NPLs on the rise: Banks grapple with mounting challenges as borrowers face payment difficulties

The banking sector witnessed a surge in the bad loan ratio in April, reaching a seven-month high of 3.41 percent.

Data from the Bangko Sentral ng Pilipinas (BSP) showed a consistent increase in the non-performing loan (NPL) ratio since January, primarily attributed to borrowers facing challenges in meeting timely payment obligations.

The situation may exacerbate further due to sudden hikes in payment calculations by banks, particularly credit card issuers.

While the April NPL ratio is lower than the 3.93 percent recorded during the same period last year, it marks the first time it has reached 3.41 percent since October 2022. The total loan portfolio for the industry stood at P12.537 trillion in April, representing a 10 percent increase from P11.393 trillion in 2022.

Soured loans or NPLs amounted to P427.265 billion, reflecting unpaid loans persisting for over 90 days.

However, NPLs have seen a decline of 4.5 percent compared to April 2022, which recorded P447.438 billion.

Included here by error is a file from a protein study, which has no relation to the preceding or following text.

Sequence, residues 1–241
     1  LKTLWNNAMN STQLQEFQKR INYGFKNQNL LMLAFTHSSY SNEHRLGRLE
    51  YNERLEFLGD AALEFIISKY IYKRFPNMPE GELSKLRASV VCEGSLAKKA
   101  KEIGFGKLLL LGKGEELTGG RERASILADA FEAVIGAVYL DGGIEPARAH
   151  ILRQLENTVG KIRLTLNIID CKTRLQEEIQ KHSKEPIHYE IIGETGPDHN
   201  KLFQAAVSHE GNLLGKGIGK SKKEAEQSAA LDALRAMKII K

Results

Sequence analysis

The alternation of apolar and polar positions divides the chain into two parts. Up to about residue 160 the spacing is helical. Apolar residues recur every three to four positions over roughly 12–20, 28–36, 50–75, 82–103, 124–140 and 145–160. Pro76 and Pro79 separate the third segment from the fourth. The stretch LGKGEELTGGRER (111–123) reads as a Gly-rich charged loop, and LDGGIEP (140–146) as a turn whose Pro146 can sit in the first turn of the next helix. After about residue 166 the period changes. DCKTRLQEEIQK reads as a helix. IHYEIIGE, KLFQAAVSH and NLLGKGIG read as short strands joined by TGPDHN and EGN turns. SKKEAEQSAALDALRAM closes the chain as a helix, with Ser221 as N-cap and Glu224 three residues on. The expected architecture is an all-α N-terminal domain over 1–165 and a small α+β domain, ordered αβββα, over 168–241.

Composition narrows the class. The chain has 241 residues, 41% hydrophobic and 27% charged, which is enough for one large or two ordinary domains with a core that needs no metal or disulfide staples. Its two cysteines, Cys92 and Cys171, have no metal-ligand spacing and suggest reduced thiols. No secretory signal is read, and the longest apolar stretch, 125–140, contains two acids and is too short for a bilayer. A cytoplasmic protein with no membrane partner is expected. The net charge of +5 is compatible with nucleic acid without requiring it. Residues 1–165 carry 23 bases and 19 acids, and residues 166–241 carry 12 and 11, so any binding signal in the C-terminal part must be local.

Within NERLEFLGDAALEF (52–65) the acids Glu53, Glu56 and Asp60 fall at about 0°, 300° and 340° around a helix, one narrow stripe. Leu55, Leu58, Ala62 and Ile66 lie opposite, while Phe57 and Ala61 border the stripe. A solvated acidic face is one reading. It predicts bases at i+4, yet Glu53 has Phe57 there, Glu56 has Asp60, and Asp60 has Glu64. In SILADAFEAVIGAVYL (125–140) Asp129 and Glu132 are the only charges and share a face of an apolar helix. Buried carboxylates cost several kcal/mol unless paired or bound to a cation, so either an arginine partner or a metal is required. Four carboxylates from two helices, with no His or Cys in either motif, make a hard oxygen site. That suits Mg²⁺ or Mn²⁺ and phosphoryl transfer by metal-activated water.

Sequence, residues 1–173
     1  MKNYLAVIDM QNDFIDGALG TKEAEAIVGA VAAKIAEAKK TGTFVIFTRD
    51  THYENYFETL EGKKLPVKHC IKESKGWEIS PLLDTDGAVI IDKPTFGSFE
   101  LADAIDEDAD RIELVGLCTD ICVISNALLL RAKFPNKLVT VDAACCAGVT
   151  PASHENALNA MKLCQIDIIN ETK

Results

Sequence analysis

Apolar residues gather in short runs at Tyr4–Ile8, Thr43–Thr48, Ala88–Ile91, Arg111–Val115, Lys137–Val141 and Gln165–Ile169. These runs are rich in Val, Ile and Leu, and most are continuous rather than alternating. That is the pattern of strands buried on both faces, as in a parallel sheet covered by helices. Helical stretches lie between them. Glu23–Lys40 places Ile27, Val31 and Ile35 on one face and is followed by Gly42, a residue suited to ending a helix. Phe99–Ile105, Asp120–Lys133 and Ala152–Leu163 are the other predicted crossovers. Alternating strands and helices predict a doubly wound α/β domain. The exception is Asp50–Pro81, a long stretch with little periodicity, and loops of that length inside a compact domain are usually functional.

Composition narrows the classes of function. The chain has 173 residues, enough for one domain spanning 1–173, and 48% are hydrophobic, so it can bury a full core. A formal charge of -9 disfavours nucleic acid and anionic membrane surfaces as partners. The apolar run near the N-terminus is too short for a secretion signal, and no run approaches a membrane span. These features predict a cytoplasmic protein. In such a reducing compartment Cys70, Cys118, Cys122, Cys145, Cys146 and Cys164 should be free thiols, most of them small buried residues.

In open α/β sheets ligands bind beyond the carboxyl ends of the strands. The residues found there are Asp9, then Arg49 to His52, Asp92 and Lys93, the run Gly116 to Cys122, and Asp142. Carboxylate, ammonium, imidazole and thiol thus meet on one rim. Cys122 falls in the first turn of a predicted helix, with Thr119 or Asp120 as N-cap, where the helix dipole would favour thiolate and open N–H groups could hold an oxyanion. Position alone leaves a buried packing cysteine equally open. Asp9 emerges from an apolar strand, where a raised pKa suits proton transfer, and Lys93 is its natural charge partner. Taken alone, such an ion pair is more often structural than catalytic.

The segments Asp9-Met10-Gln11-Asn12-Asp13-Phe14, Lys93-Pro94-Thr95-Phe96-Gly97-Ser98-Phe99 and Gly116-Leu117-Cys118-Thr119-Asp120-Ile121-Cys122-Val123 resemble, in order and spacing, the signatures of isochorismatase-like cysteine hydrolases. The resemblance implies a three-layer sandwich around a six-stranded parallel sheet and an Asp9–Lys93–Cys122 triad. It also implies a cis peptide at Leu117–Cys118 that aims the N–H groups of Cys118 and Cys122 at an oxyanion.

The past due ratio, or delinquency rate, has also seen a continuous upward trend since January, reaching 4.12 percent in April.

This figure remains lower than the 4.65 percent observed the previous year.

The total value of past due loans declined by 2.5 percent, settling at P516.020 billion compared to P529.301 billion.

Loans are considered past due if payment remains outstanding beyond the due date, although banks may allow a cure period of up to 30 days to enable borrowers to catch up.

In terms of risk coverage, banks’ NPL coverage ratio, representing loan loss reserves, hit its lowest point this year at 103.22 percent in April. However, it still outperforms the figure recorded at the same time in 2022, which stood at 90.6 percent.